In recent years, healthcare professionals have been seeking to install electronic health records (EHRs), reach meaningful use requirements and meet ICD-10 compliance. Along with all of these technological challenges, medical experts have begun emphasizing the need to share and exchange patient information more readily through a streamlined process.
For instance, a hospital consultant would recommend that a healthcare organization be able to exchange information quickly and efficiently between nurses, doctors, emergency care departments, laboratories and pharmacies. A new method for sharing data has been called the health information exchange (HIE) and it encompasses a large network of computers and devices that can stay connected through one system.
Healthcare IT News reported that a study released by the Bipartisan Policy Center shows that consistent EHR implementation is necessary for the exchange of information. One of the biggest challenges regarding the sharing of patient data cited by 71 percent of polled physicians encompass the lack of interoperability and HIE functionality at their respective medical facilities.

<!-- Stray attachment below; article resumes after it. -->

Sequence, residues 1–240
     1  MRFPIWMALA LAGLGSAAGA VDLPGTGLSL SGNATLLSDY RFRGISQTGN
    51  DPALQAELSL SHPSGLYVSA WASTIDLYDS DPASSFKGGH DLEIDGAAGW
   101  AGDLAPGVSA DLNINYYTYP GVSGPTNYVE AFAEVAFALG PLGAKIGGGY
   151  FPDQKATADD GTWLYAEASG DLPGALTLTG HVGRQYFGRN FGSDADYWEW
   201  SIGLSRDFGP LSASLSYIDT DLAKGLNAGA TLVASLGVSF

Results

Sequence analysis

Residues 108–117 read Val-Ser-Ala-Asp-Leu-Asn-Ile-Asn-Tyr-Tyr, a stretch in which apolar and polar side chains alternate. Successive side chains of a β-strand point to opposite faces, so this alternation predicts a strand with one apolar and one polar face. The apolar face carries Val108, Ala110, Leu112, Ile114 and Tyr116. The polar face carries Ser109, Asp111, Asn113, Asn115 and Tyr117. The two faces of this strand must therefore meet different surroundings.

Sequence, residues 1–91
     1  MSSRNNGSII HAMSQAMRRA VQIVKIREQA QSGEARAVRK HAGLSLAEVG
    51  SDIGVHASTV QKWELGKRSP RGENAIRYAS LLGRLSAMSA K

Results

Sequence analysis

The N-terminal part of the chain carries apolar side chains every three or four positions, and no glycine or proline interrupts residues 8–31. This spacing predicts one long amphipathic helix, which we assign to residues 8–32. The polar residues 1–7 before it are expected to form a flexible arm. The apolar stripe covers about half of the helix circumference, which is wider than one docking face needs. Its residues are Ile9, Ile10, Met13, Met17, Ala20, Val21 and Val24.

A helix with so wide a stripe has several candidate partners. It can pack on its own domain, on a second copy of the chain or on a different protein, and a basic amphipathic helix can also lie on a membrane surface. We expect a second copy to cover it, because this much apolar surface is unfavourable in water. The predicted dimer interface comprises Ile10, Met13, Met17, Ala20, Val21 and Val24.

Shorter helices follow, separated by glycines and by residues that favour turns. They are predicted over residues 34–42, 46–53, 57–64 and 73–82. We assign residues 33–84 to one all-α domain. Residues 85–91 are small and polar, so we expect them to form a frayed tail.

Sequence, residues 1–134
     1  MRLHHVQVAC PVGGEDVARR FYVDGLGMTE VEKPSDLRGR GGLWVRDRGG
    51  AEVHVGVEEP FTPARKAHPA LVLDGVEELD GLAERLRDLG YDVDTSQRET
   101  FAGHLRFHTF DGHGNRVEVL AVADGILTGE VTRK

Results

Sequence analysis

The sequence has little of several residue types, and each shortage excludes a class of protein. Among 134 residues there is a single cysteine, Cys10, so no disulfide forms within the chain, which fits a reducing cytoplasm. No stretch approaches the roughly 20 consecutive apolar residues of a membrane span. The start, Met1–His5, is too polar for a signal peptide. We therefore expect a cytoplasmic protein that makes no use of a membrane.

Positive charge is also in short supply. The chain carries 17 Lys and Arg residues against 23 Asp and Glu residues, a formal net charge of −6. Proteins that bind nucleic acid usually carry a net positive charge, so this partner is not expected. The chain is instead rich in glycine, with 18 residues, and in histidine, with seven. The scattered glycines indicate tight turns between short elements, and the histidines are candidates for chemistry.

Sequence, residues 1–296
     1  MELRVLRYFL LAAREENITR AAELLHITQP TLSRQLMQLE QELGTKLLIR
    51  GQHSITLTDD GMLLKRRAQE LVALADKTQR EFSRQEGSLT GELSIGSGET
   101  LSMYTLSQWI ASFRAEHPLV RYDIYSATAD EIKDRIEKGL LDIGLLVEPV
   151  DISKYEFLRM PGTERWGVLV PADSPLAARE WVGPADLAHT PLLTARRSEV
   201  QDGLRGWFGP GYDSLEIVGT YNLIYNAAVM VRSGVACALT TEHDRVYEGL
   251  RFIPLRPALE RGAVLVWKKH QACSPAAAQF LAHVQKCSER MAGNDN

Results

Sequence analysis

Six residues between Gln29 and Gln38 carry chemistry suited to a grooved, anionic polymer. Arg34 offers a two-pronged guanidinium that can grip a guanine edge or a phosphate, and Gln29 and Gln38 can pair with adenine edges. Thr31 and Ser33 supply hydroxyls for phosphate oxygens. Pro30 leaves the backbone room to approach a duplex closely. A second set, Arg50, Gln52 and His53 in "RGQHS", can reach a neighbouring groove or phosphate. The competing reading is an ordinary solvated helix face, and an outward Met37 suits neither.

The findings also showed that many Medicare patients are left with fragmented care, as these consumers see seven different doctors from four separate clinics, on average. This type of care - without the appropriate HIE system installed - has led to misdiagnosis, hospitalizations, duplicative testing, more treatment than necessary and wasted costs. However, with a functional HIE system, healthcare consultants find that these problems subside, as these doctors have a greater means of communication.
"Lack of care coordination results in both gaps and duplications in care and often leads to overtreatment, costing the United States between $148 and $226 billion annually," a press release issued by the Bipartisan Policy Center mentioned.
Medical providers would be wise to partner with a healthcare IT consulting professional when in need of better systems for sharing patient information among departments.